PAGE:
Love of Reading is Contagious

(Third in a series on tutoring.)

Some people are especially fond of books. I’m told that as a little kid I used to fall asleep with a Little Golden Book on my face many nights. But even people who are not naturally crazy about reading can be taught the value and joy of it through example.

Maker:L,Date:2017-9-19,Ver:5,Lens:Kan03,Act:Kan02,E-ve

The trick with tutoring is to be strict enough to get to work, but to make it fun enough that students associate reading with a good time.

Ideas for Teaching the Value of Reading:

  • Tell kids how important reading is, how every part of school will be easier once they know a lot of words and can read smoothly. Tell them you want them to become great readers, and learn as many words as possible.
  • Challenge them to make reading progress a goal. We use fluency tests in our lessons, and have kids plot on a graph how many correct words they read in one minute. It can be very encouraging for them to see their graphs go up as they improve in reading that passage from week to week. Progress should never be compared to other kids though – they just compete against their earlier scores. Kids who cannot read much yet can be timed for how many Dolch sight words they can remember – start with a pre-primer list: https://www.grps.org/images/departments/academics/pdfs/ela/dolch_alphabetized_by_grade.pdf
  • Tell kids stories of how much of a difference reading has made for you or someone you know. Tell them all the things you like to read. I like to tell a story of Ben Carson’s, from his book, “Gifted Hands” . The famous neurosurgeon grew up in poverty with a single mom who did not have much education, but she knew the value of reading. She made her boys read two library books a week, and he believes that had a great deal to do with his success in school.

Ideas for Making it Fun:

  • I know this is unenlightened, but we’re shameless about giving out candy rewards. I bring a big bowl of mixed varieties, and tell tutors to use it as incentive in any way they want. We give kids candy for memorizing verses, for hitting fluency goals, for finishing assignments – whatever it takes.
  • We let kids who finish their reading tasks for the session do something fun that is word-related, such as reading a picture book to them that they’re interested in, or doing a crossword puzzle or word search.
  • We give students lots of affirmation for any progress they make. This is really important. Find something to affirm, even if it’s only that the kid listened for a whole page without interrupting, or stayed in his seat for ten minutes. Look for positives and look for improvement and call it out every time. Many kids who struggle in school get more negative feedback than positive, and they need their hope and confidence rebuilt.
  • We invite families to three sessions a year, where we serve dinner, play some fun games, and tell parents and grandparents how well the students are doing. It means a great deal to a child that their tutor cares about and has talked with people in their family.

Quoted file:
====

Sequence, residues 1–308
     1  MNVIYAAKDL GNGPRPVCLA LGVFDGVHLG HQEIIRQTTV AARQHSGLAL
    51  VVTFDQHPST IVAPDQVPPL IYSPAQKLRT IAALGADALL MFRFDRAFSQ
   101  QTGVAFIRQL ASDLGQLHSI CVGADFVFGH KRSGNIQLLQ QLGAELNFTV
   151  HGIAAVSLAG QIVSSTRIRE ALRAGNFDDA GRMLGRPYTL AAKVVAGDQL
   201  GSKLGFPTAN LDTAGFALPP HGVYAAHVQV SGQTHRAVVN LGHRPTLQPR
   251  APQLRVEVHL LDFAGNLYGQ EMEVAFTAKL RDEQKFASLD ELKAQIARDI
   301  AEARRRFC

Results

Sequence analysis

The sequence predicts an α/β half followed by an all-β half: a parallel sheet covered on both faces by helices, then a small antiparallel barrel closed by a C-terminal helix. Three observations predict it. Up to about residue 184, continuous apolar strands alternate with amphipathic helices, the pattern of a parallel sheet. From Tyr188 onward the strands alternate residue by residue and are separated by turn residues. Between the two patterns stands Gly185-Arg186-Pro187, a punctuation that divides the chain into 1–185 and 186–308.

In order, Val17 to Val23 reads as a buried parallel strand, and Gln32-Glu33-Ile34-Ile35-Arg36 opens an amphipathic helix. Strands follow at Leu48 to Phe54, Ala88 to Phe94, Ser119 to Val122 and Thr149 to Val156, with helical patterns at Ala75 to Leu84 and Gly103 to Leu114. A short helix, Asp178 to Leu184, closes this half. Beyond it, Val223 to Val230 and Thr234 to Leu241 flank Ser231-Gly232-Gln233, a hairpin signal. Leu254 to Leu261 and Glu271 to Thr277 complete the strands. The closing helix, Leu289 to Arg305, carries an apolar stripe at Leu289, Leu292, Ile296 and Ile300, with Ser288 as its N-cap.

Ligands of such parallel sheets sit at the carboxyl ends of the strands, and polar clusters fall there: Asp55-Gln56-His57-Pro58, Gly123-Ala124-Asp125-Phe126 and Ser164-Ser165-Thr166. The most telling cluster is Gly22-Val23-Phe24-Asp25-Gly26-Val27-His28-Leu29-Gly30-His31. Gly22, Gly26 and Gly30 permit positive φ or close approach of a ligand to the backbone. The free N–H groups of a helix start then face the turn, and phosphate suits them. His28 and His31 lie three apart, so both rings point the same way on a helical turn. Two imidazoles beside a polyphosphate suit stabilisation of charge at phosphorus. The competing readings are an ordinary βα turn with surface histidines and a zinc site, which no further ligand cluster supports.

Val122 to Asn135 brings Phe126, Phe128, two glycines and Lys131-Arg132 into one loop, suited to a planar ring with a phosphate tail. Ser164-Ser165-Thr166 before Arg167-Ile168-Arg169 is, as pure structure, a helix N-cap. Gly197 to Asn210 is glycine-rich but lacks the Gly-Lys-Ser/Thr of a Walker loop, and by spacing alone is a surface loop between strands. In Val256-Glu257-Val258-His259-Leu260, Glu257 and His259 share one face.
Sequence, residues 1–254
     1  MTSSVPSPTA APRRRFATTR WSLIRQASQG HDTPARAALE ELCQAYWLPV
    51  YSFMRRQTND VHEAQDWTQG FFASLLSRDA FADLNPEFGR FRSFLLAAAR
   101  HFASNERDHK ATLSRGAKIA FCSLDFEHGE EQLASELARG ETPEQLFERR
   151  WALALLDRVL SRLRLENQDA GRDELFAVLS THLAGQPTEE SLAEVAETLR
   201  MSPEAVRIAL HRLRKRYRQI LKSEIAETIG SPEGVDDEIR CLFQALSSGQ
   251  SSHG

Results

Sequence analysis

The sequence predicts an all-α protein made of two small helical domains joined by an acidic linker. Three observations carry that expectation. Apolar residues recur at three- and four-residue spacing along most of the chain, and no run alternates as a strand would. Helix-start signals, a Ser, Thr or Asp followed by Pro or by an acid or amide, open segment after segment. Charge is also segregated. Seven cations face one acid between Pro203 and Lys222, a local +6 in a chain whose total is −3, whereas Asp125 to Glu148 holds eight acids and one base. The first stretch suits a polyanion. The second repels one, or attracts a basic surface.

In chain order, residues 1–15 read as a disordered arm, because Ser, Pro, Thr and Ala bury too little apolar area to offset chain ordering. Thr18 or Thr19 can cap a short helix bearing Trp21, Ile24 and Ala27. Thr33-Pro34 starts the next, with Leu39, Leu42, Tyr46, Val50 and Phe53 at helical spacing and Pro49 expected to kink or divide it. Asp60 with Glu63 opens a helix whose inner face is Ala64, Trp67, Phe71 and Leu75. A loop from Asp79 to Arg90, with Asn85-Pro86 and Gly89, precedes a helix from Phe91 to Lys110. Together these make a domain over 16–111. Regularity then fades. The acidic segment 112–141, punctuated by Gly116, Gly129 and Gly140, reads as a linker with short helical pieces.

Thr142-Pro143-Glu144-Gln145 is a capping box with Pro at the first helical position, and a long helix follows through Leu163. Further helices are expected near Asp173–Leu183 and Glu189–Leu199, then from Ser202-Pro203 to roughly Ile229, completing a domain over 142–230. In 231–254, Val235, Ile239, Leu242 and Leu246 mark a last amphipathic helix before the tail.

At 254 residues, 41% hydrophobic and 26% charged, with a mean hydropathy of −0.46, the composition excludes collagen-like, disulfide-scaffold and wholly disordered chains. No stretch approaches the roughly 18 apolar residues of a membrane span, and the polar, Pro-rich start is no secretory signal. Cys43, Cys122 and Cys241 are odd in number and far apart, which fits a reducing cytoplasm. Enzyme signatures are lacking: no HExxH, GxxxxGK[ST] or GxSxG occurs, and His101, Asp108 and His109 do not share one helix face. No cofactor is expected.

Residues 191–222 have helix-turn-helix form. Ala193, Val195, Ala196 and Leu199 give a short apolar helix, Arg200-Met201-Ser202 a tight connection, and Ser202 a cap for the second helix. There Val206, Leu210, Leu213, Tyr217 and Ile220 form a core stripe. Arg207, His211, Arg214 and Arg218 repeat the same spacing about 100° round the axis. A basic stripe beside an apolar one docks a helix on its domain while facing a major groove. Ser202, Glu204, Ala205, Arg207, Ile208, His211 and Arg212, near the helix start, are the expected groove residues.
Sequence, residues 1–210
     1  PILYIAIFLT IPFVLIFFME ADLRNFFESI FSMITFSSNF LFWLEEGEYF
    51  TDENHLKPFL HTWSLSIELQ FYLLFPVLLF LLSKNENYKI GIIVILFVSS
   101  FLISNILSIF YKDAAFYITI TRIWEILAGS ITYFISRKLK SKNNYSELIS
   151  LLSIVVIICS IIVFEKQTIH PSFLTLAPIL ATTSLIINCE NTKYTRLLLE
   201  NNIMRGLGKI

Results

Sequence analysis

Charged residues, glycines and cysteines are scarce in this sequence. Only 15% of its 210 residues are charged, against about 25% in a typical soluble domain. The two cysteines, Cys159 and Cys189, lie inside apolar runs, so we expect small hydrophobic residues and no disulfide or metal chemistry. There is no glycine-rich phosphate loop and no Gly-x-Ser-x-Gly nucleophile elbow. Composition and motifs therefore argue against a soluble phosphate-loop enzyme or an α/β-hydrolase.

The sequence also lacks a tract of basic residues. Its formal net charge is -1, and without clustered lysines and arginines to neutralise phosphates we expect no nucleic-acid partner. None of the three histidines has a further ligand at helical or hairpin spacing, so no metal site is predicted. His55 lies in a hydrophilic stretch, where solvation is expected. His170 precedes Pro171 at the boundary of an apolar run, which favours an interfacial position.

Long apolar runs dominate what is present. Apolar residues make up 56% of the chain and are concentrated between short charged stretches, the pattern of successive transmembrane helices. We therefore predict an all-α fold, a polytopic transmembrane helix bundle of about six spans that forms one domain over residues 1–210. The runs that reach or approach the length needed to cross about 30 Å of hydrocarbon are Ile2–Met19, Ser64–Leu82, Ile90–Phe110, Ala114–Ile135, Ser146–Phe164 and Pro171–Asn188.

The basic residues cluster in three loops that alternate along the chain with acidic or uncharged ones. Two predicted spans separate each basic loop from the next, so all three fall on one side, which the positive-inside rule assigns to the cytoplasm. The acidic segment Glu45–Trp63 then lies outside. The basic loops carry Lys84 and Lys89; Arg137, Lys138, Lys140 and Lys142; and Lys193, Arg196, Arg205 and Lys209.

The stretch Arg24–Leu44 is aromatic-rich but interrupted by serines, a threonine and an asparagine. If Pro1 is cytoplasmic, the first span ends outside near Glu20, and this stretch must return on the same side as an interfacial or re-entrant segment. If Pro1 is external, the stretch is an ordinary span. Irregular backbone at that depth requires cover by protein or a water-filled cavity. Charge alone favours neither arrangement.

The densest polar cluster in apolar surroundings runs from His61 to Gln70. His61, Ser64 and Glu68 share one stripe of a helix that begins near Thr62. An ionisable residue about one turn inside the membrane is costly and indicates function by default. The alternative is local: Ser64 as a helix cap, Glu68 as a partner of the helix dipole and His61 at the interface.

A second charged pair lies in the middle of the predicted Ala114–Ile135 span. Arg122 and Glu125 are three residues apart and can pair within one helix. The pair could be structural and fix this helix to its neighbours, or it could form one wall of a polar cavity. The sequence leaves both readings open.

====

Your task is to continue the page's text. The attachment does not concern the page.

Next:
There is nothing better to see than a kid’s face light up when they have successfully read a book. It makes it all worthwhile!

Tutoring Kids from the Bible

(An introduction to a free series of studies in the Gospel of Mark for kids aged 9-12)Maker:L,Date:2017-9-19,Ver:5,Lens:Kan03,Act:Kan02,E-ve

Twenty five volunteers from our church tutored at-risk kids from our neighborhood school this year. We are one of many sites, working in partnership with City Gospel Mission to reduce poverty and bring God’s truth and love to people in Cincinnati.

One of the most successful things we’ve done is make the Bible the reading text for our older students during the tutoring hour. Since the program is after-school, there’s no conflict of church and state. We have parents sign their approval to have their child in a faith-based program, we use a simply-worded translation of the Bible, and we train our tutors to  invite but never push their students into a closer relationship with God.

Click here to link to a PDF of all the lessons we used this year. Feel free to use them, but you will have to edit them; they contain site-specific activities and references, especially in the introductory paragraphs and in the box at the bottom of the page which suggests other activities. But I refer you to them as an example of how the Bible can be used to teach fluency and comprehension, as well as introduce children to the life and work of Jesus.

About halfway through this year, I asked a group of sixth grade boys how they were enjoying the program. They said they really liked coming. I assumed the main reason would be the snacks we serve, but the all the answers stated that they enjoyed learning and talking about God. That was confirmation that we were on the right track!